As stormwater practitioners we are always looking into the future: how will climate change affect flood risk? How will we manage stormwater quality in our future cities with large urban growth? However, what will be skills and attributes needed for tomorrow’s stormwater practitioners. How can we ensure that stormwater practitioners will be ready for the future and how they can be best placed to contribute to the growth and enhancement of our future cities?
The stormwater solutions of today and tomorrow require a multi-disciplinary approach due to changing objectives and goals of stormwater management. In order to meet these objectives we are increasingly working across different fields and disciplines such as hydrology and hydraulics, landscape design, water quality science, ecology and urban design. Collaboration and good communication are an essential part of the work we now do and will become increasingly important in the future.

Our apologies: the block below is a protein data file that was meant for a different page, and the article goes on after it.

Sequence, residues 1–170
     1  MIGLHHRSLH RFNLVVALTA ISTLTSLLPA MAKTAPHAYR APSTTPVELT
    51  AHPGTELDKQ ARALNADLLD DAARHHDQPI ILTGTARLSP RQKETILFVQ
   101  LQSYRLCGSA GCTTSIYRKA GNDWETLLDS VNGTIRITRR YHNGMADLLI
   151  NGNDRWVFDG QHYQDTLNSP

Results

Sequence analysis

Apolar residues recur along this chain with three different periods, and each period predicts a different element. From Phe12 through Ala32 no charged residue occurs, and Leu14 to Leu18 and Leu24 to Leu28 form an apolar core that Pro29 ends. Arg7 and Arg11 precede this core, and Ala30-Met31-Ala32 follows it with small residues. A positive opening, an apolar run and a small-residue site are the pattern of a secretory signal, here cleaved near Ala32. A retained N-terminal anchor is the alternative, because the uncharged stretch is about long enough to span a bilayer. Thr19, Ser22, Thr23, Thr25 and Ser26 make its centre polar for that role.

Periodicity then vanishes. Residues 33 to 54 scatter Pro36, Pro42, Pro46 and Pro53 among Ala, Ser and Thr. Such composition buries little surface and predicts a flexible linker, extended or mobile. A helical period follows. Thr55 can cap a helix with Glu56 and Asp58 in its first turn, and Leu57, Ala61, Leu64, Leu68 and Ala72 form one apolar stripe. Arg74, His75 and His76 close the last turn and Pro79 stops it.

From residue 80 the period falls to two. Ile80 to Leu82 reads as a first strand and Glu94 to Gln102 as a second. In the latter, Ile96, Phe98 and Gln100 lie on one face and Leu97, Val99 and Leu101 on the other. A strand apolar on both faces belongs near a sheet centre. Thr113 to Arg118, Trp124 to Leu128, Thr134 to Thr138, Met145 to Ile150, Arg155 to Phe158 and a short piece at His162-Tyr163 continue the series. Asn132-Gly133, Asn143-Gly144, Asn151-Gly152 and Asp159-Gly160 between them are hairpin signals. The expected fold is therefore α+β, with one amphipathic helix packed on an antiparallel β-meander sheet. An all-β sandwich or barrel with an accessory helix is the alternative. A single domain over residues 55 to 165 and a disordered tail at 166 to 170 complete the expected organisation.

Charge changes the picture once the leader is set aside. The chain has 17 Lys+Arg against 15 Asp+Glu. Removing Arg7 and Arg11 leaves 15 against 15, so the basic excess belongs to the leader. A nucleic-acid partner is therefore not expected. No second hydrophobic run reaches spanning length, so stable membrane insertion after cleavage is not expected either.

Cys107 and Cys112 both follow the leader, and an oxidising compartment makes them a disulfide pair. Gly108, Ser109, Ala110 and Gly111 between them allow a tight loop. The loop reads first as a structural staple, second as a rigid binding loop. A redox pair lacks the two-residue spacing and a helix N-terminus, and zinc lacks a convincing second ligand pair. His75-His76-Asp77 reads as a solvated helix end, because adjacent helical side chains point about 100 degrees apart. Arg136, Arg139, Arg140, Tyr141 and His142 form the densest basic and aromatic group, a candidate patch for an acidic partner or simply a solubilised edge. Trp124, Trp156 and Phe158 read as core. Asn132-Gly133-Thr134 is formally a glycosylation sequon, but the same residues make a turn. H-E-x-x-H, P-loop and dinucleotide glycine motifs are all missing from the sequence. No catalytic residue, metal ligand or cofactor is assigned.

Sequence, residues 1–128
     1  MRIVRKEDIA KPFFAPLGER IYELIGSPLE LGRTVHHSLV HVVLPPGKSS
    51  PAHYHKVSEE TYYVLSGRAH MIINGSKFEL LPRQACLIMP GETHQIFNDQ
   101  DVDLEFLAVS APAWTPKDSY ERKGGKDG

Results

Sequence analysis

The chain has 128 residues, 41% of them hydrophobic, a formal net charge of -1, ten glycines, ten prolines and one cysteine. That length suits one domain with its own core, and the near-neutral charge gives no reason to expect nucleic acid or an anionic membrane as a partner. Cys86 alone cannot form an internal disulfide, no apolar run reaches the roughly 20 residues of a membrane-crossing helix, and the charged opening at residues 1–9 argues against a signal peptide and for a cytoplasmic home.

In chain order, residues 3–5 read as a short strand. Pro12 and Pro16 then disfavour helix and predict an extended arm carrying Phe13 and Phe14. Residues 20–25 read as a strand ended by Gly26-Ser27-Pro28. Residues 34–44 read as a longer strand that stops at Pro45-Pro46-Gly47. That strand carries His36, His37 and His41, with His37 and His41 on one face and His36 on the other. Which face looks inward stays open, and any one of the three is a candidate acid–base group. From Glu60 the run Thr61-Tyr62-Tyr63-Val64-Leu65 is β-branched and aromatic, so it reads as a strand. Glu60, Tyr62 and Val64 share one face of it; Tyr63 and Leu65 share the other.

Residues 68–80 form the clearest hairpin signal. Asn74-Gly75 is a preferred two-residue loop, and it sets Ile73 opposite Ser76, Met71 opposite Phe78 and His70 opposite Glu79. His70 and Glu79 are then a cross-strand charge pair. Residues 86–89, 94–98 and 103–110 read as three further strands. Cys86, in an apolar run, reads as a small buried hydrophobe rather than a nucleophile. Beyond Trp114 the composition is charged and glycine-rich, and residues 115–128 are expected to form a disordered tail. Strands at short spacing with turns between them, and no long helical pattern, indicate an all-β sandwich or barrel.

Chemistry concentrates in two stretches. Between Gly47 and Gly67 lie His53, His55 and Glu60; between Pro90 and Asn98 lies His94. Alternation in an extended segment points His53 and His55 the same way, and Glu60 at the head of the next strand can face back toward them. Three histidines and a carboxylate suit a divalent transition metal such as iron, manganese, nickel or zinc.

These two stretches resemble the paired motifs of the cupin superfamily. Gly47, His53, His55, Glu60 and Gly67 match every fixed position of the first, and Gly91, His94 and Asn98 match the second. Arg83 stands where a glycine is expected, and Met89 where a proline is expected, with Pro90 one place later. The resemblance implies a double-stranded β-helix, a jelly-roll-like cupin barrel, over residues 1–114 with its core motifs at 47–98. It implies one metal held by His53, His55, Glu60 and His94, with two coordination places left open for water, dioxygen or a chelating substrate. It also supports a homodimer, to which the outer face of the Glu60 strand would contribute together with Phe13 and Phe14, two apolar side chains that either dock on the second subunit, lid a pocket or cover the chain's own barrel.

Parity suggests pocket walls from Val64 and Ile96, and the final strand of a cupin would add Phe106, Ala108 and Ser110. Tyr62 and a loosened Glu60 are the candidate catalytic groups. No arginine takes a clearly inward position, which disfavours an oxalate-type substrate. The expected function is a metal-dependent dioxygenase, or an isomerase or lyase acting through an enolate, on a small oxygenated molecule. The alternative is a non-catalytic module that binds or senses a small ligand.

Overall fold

In the future we will have access to an increasing amount of information, data and tools to be able to model and compute information to a level never seen before. The key skill will be how to analyse the data for meaningful outputs. The future practitioner will need to embrace change. Changes in objectives, how we work, where we work, the people we work with and how we communicate.
Numerous studies and articles have been presented by organisations and professional societies concerning challenges for the future of engineering and technical professionals. The purpose of this paper is to present some of the main key challenges that are facing the future stormwater practitioner and discussing the skills and environment required for the future. The four key challenges discussed in this paper include changing stormwater goals, data and new technology, population and diversity and change. The three key areas discussed of how we can respond to the future challenges include; learning and continuing education, networking and collaboration and adaptability and change.